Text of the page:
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Member postings for Howard Lewis

Here is a list of all the postings Howard Lewis has made in our forums. Click on a thread name to jump to the thread.

Thread: What did you do today (2015)
14/11/2015 17:53:00

The Herdwicks must be better. They have four "wheel" drive with independent power to each one, as well as universally adjustable cutters!


Thread: Hello, I'm Gary Shepherd
14/11/2015 17:44:25

Hi Gary!

I served my time at Sentinel when owned by Rolls Royce Oil Engine Division.

Before R-R bought the plant, various machine tools were made under licence, or as sub contract work, (such as the Swift Lathe)

Back in 1958 -60, the machine tools still being made were Halifax planers and Cri Dan B and E screw cutting machines. (These would cut a 12 inch long 1 inch BSW thread in half a minute, which was awe inspiring high tech stuff in those days!)

Then the machine tool expertise was used to make specialised equipment for machining Compressor Wheels for Gas Turbines, for the R-R factory in Glasgow.

In the Apprentice training school we had a Thiel Universal Mill, (a nice small machine - wish I had one!) which had been made under licence by Sentinel.

So to answer your question, sort of, your machine is likely to date from the early to mid 50s.

It will have started life as a well engineered and built machine, but who knows what has happened to it in the last 60 years. Hopefully not too much abuse!


Thread: Chuck for which Lathe?
14/11/2015 16:15:53

I have been given a chuck,. The Backplate has a 1.25 inch 12 tpi Whit form thread and register.

Initially, being too big for a Myford, I thought it was for a Boxford or a Raglan, but checking on the Lathes website showed that it was not for either of these.

Any suggestions please?


Thread: New lathe arrived today : The ongoing saga
04/11/2015 19:10:26

Having followed this thread for a long time:

The lathe is wrongly named. It should be SUB OPTIMUM.

In U K, the seller could be done under the Trades Description Act, or sale of Goods Act.

For a long time, I despaired of it EVER functioning properly.

If anyone deserves a place in Heaven; (may it be a LONG time before he occupies it), it's Hopper. His work looks to have transformed the machine.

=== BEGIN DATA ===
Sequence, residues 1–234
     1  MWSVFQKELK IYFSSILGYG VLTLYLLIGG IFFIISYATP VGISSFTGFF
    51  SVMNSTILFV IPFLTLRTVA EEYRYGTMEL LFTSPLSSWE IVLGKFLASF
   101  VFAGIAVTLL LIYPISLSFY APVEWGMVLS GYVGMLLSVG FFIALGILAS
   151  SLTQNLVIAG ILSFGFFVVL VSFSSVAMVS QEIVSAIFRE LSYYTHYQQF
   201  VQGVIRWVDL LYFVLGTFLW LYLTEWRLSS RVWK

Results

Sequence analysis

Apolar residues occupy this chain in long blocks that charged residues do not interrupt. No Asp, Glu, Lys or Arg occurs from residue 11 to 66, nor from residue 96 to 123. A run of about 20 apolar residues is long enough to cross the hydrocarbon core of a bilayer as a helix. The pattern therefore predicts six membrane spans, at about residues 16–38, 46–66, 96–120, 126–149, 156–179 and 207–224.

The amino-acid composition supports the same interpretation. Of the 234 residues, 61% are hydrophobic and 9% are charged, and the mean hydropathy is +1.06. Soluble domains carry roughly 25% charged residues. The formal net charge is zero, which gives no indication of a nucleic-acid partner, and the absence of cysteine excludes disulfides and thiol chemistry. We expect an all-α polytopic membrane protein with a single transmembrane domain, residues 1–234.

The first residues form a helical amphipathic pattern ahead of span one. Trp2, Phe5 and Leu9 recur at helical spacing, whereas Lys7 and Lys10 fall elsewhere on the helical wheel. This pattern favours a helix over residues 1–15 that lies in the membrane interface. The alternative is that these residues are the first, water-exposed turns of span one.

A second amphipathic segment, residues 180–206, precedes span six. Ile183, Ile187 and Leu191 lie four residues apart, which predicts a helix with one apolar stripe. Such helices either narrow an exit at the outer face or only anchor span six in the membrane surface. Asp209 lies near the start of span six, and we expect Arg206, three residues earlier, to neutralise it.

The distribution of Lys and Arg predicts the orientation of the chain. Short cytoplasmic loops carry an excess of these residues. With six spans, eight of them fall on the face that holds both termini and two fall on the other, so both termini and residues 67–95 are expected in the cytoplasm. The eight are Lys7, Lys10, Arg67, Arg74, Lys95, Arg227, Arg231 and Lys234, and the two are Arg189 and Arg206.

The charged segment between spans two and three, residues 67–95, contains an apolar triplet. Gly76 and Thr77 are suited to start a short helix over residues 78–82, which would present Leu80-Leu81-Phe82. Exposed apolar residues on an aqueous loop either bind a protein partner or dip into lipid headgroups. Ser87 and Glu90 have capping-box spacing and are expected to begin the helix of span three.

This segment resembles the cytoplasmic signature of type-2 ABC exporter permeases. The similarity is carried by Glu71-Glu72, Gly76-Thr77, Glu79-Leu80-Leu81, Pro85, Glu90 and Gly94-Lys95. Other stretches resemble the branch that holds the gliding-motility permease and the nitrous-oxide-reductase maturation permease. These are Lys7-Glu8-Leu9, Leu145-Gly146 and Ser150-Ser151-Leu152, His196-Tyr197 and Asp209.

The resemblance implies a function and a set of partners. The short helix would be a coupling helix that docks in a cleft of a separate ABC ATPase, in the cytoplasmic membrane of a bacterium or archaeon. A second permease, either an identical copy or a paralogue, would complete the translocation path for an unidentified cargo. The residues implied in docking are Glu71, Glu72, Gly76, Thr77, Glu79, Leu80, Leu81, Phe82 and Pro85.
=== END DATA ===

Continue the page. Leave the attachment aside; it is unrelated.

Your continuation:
Brian, you cannot believe just how fortunate you are to have found a mate like Hopper.

But, he typifies the way that Model Engineers help each other.

A sad tale, but with a happy ending in sight.


Thread: super Heaters
29/10/2015 18:57:39

If superheating did not bring benefits, full scale marine, and loco engineers would never have gone to the trouble.

Go for it!


Thread: Arc Eurotrade a first class supplier
29/10/2015 18:54:37

Can only agree with what has been said before. I have only ever bought one item that was was , by my standards, expensive. for this, and all the little low value orders, polite responses and rapid service.

My preferred supplier!


Thread: New ideas for tool grinding in the workshop
29/10/2015 18:48:15

Coming in late with a few comments.

1) Thor's picture, is not too unlike the TipLap grinder recently acquired at auction by one of the volunteers at The WaterWorks Museum. By the looks of the gunge that I did not remove completely, from it, never been cleaned from new. Their ambition is to use it, mostly for End Mills, but obviously Lathe Tools and Drills should be fairly easy, once set up with a suitable cup wheel.

2) I use a Worden, (a barely started kit, bought second hand, ) which does most of what I want. One day I may become proficient at Four Facet Drill sharpening?

A fairly basic machine, but does what I want. For the amount of tool grinding that i do cannot justify a Vertex, EMG or anything that sophisticated.

3) A diamond wheel is ideal for sharpening Masonry Drills. Ground as if for metal, they EAT bricks, on the very rare times that I use them!